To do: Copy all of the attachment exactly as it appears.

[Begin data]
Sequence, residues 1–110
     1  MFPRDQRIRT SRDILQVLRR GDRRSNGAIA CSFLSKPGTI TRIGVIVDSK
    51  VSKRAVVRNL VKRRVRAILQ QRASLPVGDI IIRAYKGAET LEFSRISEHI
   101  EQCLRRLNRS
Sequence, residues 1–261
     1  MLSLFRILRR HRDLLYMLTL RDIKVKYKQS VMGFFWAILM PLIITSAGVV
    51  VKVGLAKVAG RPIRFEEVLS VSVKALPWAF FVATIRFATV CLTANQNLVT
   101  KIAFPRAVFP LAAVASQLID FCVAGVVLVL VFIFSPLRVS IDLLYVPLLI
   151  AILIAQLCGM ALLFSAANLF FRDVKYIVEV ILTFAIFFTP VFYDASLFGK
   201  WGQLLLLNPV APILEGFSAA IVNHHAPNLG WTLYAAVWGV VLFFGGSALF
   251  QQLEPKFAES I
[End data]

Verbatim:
Sequence, residues 1–110
     1  MFPRDQRIRT SRDILQVLRR GDRRSNGAIA CSFLSKPGTI TRIGVIVDSK
    51  VSKRAVVRNL VKRRVRAILQ QRASLPVGDI IIRAYKGAET LEFSRISEHI
   101  EQCLRRLNRS
Sequence, residues 1–261
     1  MLSLFRILRR HRDLLYMLTL RDIKVKYKQS VMGFFWAILM PLIITSAGVV
    51  VKVGLAKVAG RPIRFEEVLS VSVKALPWAF FVATIRFATV CLTANQNLVT
   101  KIAFPRAVFP LAAVASQLID FCVAGVVLVL VFIFSPLRVS IDLLYVPLLI
   151  AILIAQLCGM ALLFSAANLF FRDVKYIVEV ILTFAIFFTP VFYDASLFGK
   201  WGQLLLLNPV APILEGFSAA IVNHHAPNLG WTLYAAVWGV VLFFGGSALF
   251  QQLEPKFAES I